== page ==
Comments on MMSD’s Buyout of East High Principal

Last spring four Board members �Carol Carstensen, Bill Clingan, Bill Keys and Juan Lopez�voted to authorize the superintendent to buyout problem employees and pay them up to five months in wages and benefits. Members Ray Allen, Shwaw Vang and I voted no. The decision was retroactive to cover deals with two teachers that the superintendent had already made.
Now we see the results of this bad policy decision,

as the Board finds that its role in buying out the former principal of East High School is limited to approving her resignation tonight, effective March 31, 2005. Her wages and most fringe benefits end on March 31, but her eligibility for district-paid health insurance continues through April 2005. In total, she receives at least six months of compensation.
One reason to vote no on the resignation is that the period of wages and benefits clearly exceeds the spirit of the policy.
Another reason to vote no is that the superintendent will fund the buyout with dollars not used for the wages and benefits of a Fine Arts Coordinator, an important position that remains unfilled. Recently we learned that a super-majority of the Board—5 members– is necessary every time that the superintendent moves funds from one department to another. This buyout moves at least $37,000 from one department to another. No Board vote occurred on this transfer before the superintendent signed the agreement on November 29.
Reason Number 3 is that the superintendent hired outside counsel—an expensive attorney from a Milwaukee firm�to advise him on the deal. Never mind that the District has six attorneys on its payroll, all of whom are qualified to represent the district on employment termination agreements. This action�also not approved by the Board— is an abuse of the superintendent�s discretion to purchase services for the district. This purchase of private counsel has not been explained. Nor does the Board know why the superintendent chose to exclude the Board�s attorney from the negotiation process.
Overall, this buyout has the appearance of the cover-up. The superintendent has sole discretion to reassign a problem employee in emergency circumstances. However, the employee has a right to a due process hearing on the reassignment, with legal counsel, the right to call witnesses, the right to cross-examine the district�s witnesses and other protections. The reassigned employee may request— as did this employee– a hearing before a private hearing examiner, as we routinely provide in expulsion hearings. The purpose of this hearing process is to safeguard the interests of the reassigned employee and of the district. In a hearing we would see the reassignment from both perspectives, whether we heard the case ourselves or assigned it to an outside examiner.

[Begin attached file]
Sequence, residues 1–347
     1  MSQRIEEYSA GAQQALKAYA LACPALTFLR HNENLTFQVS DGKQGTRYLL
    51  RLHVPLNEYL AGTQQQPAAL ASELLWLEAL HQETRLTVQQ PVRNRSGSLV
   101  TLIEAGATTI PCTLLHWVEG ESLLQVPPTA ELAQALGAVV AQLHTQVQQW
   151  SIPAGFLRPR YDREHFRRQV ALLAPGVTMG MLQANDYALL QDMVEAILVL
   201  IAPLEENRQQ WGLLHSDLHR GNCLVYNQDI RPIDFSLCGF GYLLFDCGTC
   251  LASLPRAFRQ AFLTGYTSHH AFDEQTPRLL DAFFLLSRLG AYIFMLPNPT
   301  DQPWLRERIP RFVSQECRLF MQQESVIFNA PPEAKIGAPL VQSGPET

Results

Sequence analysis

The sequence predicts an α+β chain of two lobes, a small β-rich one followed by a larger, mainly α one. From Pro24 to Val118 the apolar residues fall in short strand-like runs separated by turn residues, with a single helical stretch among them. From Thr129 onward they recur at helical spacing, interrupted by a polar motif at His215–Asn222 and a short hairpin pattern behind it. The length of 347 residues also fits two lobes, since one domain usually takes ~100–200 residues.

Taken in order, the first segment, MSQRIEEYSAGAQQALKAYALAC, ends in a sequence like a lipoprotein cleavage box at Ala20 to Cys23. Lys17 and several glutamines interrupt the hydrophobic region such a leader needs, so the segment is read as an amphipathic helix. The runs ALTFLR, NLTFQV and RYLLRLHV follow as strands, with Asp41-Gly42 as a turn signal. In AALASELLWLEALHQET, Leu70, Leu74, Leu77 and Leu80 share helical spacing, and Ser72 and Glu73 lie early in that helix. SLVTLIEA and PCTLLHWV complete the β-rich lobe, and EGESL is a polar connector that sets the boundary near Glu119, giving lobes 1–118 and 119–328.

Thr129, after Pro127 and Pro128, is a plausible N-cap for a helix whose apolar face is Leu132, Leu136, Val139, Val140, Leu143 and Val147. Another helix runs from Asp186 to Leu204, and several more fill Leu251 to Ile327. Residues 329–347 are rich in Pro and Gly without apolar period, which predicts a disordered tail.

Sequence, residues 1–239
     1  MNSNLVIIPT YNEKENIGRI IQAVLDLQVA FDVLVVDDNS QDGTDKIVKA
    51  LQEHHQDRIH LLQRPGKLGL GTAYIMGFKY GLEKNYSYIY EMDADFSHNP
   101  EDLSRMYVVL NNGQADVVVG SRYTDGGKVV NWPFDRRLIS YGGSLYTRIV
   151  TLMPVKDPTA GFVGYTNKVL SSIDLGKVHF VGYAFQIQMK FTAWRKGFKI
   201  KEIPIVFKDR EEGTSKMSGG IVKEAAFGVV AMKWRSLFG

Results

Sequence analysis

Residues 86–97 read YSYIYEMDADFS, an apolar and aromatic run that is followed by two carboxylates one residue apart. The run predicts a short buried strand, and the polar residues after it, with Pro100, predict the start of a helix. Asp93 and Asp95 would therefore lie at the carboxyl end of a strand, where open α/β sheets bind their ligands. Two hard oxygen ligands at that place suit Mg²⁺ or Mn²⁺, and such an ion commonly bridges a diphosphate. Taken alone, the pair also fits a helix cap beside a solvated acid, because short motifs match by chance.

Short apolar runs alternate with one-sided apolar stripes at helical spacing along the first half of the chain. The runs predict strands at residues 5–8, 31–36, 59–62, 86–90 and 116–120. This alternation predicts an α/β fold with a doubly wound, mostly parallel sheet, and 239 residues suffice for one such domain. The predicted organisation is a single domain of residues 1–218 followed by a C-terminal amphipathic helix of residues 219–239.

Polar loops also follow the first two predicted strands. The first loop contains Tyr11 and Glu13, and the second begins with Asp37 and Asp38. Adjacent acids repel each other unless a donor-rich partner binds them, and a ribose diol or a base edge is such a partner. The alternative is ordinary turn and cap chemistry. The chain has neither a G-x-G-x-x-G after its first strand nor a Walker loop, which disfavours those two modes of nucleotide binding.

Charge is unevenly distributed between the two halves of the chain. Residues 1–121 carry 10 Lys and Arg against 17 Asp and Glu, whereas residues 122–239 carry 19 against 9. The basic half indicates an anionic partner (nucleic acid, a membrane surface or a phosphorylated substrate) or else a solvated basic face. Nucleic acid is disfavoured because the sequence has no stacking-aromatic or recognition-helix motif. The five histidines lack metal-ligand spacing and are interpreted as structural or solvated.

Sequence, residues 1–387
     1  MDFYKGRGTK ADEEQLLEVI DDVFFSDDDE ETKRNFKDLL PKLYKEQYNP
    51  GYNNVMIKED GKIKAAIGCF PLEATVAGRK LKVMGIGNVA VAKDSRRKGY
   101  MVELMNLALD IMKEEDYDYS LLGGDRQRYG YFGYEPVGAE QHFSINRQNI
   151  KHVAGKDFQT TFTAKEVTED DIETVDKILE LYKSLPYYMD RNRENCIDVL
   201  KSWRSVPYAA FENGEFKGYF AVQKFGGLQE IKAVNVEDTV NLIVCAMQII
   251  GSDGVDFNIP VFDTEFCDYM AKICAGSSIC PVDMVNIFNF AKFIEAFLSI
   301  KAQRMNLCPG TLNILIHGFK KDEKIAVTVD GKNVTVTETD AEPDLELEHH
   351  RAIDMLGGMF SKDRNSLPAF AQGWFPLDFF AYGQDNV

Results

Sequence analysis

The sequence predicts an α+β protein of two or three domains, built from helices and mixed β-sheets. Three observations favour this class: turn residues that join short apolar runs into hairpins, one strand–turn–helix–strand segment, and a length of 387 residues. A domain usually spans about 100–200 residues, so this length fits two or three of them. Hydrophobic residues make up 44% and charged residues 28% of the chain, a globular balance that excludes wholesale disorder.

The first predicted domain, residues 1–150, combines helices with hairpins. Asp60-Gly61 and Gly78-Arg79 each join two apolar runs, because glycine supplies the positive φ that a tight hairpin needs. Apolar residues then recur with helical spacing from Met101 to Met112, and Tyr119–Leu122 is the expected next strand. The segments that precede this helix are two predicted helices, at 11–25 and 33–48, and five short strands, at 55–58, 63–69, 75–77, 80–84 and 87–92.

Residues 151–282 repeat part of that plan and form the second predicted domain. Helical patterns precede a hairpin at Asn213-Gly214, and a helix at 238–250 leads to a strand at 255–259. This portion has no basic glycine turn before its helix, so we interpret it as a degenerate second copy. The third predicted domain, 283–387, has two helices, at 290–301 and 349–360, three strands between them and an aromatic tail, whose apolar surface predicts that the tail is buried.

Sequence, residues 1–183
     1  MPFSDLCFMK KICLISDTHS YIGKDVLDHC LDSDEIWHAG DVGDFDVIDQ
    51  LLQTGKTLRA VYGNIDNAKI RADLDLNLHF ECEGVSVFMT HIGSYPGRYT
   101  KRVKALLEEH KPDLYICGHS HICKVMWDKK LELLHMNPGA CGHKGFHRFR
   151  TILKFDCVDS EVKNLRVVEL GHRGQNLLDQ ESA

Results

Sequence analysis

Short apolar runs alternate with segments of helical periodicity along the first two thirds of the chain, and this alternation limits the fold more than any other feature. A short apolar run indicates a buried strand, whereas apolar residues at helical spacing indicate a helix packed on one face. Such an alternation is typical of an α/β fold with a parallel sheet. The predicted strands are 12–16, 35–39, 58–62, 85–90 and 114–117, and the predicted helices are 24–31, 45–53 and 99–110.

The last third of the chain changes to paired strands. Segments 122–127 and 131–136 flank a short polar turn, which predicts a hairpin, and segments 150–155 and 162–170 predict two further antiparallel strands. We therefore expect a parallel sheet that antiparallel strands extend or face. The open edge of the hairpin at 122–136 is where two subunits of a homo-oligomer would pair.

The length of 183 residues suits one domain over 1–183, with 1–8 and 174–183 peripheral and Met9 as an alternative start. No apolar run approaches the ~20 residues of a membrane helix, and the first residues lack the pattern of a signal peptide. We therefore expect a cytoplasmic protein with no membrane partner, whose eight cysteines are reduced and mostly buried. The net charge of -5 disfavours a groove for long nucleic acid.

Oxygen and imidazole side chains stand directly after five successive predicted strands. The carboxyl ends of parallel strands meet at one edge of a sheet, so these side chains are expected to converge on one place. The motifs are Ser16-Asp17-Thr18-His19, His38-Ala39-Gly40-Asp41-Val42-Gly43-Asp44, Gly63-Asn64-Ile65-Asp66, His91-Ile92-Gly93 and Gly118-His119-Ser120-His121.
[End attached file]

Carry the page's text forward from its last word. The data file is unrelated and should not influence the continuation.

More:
In extreme situations, I can understand that both parties might decide that a buyout is preferable to an adversarial hearing. But in those situations it is critical that the superintendent not be able to keep the whole process from the Board. We are the party to this buyout, not the superintendent as an individual. He is our employee and accountable to us for the judgment to reassign this employee and for how the reassignment process was carried out.
As the elected representatives of the public— as we vote tonight— the Board does not know whether there were good reasons for the buyout or not. We do not know whether our superintendent and assistant superintendent properly followed reassignment procedures or not. We do not know why our staff attorneys were considered not good enough for the job. We have no way, in short, to assure that the superintendent has negotiated a buyout in the best interests of the district or in his own interests. We just don�t know.
We have the bill for the outside attorney. We may eventually vote on which departmental funds are used in the buyout. We should not rubber-stamp this resignation. We should get answers to these and other important questions before we again retroactively approve a buyout by the superintendent.
Above all�however this vote goes—the majority should reconsider the policy that let this situation develop. It delegates major responsibilities of this elected body to one employee and such excessive delegation leads to abuse or at least the appearance of abuse of discretion.
Comments at the December 6, 2005 meeting of the Madison School Board. The Board voted 5-2 to accept the resignation of the principal. Voting yes were Carol Carstensen, Bill Clingan, Bill Keys, Juan Lopez,
Ruth Robarts and Johnny Winston, Jr. Shwaw Vang and I voted no.
Member, Madison Board of Education, 1997 to present